The ancient theatre of Lindos lies at the foot of the west slope of the rock of the Lindos acropolis. It had 19 rows of seats, most of them carved into the rock although somewere built, as were the endmost cunei and the side retaining walls, which do not survive. Today only the rock-carved sections are preserved: the circular orchestra, the three central cunei of the lower cavea and parts of the two neighbouring ones, and the central section of the upper cavea. The orchestra of the theatre is circular, also carved into the rock.
The theatre is dated to the 4th century BCE and had a capacity of 1,800-2,000 spectators. It is connected to the great city festivals in honour of Dionysos, the Sminthia, which included theatrical, musical and athletic competitions, processions and sacrifices. In the 3rd century BCE, directly adjacent to the theatre was built the Tetrastoon, a rectangular building with an internal colonnade, perhaps a sanctuary of Dionysos Smintheus.References:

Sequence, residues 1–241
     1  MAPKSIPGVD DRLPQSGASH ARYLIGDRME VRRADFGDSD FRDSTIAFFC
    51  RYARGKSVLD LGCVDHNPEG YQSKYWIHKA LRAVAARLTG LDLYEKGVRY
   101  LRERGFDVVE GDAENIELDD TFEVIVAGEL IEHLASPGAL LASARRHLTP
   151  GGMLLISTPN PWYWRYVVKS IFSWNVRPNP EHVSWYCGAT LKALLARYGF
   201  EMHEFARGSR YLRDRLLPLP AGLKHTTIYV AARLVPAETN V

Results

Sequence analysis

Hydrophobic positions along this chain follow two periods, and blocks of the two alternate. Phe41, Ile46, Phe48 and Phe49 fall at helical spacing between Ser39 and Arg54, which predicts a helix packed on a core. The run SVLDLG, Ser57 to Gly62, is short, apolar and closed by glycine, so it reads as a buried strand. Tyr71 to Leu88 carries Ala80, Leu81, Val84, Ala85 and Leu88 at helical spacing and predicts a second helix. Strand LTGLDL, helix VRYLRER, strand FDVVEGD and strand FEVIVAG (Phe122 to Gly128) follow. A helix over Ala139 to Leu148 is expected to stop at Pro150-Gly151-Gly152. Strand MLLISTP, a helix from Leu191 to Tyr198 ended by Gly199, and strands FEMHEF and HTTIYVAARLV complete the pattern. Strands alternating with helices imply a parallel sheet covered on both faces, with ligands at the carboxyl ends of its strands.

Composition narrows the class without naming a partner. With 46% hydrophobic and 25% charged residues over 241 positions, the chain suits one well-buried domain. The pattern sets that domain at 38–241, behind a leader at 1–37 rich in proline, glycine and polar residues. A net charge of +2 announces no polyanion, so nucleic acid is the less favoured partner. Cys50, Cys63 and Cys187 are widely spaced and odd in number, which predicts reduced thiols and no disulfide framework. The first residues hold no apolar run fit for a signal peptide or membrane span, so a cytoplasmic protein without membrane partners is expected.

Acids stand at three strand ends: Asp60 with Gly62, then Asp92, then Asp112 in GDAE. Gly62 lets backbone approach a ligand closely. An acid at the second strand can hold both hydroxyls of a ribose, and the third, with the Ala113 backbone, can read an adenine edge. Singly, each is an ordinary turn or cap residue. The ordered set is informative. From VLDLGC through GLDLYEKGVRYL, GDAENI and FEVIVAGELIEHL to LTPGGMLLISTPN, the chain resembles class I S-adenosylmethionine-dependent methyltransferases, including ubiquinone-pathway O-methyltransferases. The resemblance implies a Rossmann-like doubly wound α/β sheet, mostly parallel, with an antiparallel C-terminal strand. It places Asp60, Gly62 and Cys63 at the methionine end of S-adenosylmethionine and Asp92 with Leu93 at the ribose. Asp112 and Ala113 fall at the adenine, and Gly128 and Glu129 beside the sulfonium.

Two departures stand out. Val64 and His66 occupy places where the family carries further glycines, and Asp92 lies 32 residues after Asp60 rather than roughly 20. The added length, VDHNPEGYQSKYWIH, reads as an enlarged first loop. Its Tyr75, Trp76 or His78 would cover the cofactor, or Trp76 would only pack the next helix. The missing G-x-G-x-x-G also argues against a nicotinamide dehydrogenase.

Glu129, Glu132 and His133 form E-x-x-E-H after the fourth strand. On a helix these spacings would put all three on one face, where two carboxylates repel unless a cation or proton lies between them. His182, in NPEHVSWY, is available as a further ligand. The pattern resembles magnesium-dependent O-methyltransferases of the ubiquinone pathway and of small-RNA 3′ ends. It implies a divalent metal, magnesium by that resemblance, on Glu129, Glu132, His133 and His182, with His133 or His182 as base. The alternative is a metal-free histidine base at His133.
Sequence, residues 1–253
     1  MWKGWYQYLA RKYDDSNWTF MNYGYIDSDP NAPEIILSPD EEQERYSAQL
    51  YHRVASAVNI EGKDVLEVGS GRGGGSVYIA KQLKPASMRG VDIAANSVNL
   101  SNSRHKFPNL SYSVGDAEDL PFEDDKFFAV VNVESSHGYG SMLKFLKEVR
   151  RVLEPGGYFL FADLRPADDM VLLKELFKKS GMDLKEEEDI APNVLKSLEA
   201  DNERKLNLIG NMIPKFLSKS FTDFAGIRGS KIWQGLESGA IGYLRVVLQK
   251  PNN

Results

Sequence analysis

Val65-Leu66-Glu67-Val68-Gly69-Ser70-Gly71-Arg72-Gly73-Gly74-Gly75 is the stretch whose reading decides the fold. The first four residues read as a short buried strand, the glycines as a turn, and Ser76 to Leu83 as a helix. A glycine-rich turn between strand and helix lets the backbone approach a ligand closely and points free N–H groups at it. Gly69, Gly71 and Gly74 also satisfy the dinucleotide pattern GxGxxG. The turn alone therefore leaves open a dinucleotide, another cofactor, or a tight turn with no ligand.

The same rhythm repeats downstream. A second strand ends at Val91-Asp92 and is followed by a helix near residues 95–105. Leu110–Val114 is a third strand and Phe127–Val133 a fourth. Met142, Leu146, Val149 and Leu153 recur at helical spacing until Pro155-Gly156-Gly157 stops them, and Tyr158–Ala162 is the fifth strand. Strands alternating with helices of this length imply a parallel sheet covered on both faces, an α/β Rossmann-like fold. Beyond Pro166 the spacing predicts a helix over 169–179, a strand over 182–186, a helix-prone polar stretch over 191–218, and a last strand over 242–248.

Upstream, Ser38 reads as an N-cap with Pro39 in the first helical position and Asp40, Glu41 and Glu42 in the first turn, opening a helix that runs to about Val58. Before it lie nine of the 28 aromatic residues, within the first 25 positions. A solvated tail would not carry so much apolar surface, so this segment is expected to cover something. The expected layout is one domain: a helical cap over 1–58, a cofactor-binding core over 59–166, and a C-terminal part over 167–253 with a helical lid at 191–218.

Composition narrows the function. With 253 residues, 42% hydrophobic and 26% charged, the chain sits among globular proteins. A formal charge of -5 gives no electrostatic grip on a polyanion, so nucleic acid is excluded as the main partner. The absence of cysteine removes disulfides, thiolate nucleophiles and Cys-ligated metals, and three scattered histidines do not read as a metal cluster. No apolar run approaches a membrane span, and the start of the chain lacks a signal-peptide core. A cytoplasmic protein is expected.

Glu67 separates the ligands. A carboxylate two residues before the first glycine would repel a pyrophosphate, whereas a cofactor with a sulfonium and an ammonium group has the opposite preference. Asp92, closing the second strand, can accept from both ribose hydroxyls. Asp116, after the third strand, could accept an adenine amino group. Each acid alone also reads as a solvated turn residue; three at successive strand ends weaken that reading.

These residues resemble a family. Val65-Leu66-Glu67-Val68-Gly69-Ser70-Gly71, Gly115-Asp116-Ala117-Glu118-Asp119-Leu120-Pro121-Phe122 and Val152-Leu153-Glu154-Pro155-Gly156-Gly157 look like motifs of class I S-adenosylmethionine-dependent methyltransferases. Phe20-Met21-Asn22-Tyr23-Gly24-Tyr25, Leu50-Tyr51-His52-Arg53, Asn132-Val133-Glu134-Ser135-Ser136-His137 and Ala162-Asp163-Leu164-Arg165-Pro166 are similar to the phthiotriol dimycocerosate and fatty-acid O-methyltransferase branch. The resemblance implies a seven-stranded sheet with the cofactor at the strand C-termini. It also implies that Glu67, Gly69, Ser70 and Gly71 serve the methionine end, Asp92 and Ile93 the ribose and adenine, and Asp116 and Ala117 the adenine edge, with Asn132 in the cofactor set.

The Broch of Gurness is an Iron Age broch village. Settlement here began sometime between 500 and 200 BC. At the centre of the settlement is a stone tower or broch, which once probably reached a height of around 10 metres. Its interior is divided into sections by upright slabs. The tower features two skins of drystone walls, with stone-floored galleries in between. These are accessed by steps. Stone ledges suggest that there was once an upper storey with a timber floor. The roof would have been thatched, surrounded by a wall walk linked by stairs to the ground floor. The broch features two hearths and a subterranean stone cistern with steps leading down into it. It is thought to have some religious significance, relating to an Iron Age cult of the underground.
The remains of the central tower are up to 3.6 metres high, and the stone walls are up to 4.1 metres thick.